Industrialist J. Paul Getty, once identified as the richest living American, has been quoted as saying, “Without the element of uncertainty, the bringing off of even the greatest business triumph would be dull, routine and ultimately unsatisfying.”
If Getty still lived today, facing the uncertainty we expect in the financial markets in the coming months, I imagine he’d feel quite satisfied.
Fueling unpredictability in 2018, of course, are the recent passage of the federal 2017 tax cuts. Those cuts – the most sweeping update of the U.S. tax code in more than 30 years – clearly constitutes a fiscal stimulus. Its sponsors predict it will stimulate investment, encourage companies to bring back overseas funds and create thousands of new jobs. However, if that fails – instead, corporations may initially opt to use their tax savings only to buy back shares and increase dividends – then the legislation could add massive amounts to the federal debt, which might necessitate cutbacks in federal programs and lead to negative economic impact.
Businesses appear to be the big winners in the area of such cuts, with their rates dropping from 35 to 21 percent and the corporate alternative minimum tax having ben repealed. The budgetary cost of the cuts, amounting to almost 1 percent of gross domestic product, will be felt between now and 2022. There’s a lot at stake – and there’s also a lot of hope that this will work as envisioned.
Individuals may also benefit, at first, from the new tax brackets, which have been lowered to 10, 12, 22, 24, 32, 35 and 37 percent. The new arrangement also doubles the child tax credit to $2,000 and gives a $500 credit for nonminor child dependents.
But uncertainty exists here, too, as the law caps state and local tax deductions, and it essentially repeals the individual mandate of the Patient Protection and Affordable Care Act of 2010, colloquially known as Obamacare.
Questions abound. Will individuals spend their tax savings, further stimulating the economy? Will more taxpayers take the standard deduction rather than itemizing, which could impact charitable donations to the nonprofit sector? Will legislators ever find common ground on a comprehensive health care strategy that gives all of us certainty and affordability?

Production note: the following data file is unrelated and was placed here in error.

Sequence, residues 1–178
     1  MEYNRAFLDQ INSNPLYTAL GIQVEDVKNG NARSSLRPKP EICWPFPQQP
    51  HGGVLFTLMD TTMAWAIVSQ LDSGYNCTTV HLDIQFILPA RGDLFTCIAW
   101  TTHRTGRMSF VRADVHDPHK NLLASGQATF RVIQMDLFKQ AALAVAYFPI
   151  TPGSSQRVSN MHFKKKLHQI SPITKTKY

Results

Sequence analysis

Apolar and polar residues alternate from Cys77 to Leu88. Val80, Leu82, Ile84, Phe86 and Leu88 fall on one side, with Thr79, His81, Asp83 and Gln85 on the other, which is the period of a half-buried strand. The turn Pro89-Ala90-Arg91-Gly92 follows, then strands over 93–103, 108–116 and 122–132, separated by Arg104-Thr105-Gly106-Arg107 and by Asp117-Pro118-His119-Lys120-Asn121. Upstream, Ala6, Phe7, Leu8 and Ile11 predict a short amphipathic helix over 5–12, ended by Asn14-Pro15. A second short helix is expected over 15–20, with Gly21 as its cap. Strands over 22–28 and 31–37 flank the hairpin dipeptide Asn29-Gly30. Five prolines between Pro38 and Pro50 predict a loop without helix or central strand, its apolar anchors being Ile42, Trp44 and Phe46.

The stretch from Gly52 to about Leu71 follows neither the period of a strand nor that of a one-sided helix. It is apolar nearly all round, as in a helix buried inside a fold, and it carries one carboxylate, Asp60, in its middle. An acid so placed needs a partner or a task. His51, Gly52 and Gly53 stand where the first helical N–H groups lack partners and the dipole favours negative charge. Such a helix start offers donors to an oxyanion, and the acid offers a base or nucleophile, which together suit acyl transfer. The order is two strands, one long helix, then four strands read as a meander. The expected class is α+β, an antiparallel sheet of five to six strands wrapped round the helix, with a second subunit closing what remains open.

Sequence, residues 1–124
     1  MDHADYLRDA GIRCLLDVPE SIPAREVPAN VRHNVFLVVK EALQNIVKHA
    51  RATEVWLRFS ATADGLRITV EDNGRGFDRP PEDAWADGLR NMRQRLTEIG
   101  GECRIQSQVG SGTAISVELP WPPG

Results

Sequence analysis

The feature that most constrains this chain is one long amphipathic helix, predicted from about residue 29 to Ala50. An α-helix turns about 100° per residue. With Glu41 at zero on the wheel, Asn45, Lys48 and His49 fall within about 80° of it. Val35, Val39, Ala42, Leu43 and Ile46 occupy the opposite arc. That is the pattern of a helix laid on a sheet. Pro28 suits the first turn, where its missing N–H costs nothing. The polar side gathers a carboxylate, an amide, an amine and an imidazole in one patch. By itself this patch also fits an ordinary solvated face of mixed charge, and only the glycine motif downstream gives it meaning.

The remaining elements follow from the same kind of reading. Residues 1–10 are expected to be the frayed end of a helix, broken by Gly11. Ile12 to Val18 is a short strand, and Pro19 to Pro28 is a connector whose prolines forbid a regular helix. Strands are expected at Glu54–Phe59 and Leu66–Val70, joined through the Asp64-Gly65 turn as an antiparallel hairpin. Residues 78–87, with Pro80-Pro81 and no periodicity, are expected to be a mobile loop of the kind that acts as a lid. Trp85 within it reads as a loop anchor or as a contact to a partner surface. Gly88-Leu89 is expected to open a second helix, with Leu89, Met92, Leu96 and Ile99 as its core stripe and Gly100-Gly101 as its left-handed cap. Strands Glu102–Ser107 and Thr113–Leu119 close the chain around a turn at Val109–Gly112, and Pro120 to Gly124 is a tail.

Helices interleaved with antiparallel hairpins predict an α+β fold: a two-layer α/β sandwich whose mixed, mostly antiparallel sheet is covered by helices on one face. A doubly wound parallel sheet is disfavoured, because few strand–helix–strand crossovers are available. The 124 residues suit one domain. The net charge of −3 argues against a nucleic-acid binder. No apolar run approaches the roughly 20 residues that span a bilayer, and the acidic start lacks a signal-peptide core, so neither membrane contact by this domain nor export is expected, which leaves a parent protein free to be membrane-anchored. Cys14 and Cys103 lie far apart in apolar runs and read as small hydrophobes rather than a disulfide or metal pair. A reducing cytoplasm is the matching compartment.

Adding to the uncertainty are short-term rate increases expected from the Federal Reserve. Since 2009, U.S. markets have been helped by a massive Fed intervention; interest rates have been pushed down to record lows, while asset purchases have depressed bond yields. The Fed has indicated it may raise rates three times in 2018, after three increases in 2017. Even if the Fed moves slowly, higher interest rates often lead to an end to credit cycles, as indebted companies and consumers default in greater numbers.
One other situation to watch in 2018 involves the increased scrutiny over privacy and control of our personal data. The FANG tech stocks – Facebook, Amazon, Netflix and Google (now Alphabet) – will continue to face growing pressures and restrictions such as those found in a new privacy law in Europe, the General Data Protection Regulation. The changing dynamics of net neutrality also pose uncertainty for consumers worldwide.
In sum, the U.S. economy has been undergoing what amounts to a sugar rush during the past several years. Economic history suggests that will end soon. Whether or not the tax cuts, Fed actions and other factors yet unknown will sustain the good times ranks as the defining uncertainty of 2018. Still, as author Stephen Covey tells us, “If there’s one thing that’s certain in business, it’s uncertainty.”
Dr. Benjamin Ola. Akande is the president of BOA Consulting and former president of Westminster College in Fulton, Missouri. He has a Ph.D. in economics and previously served as dean of the George Herbert Walker School of Business & Technology at Webster University.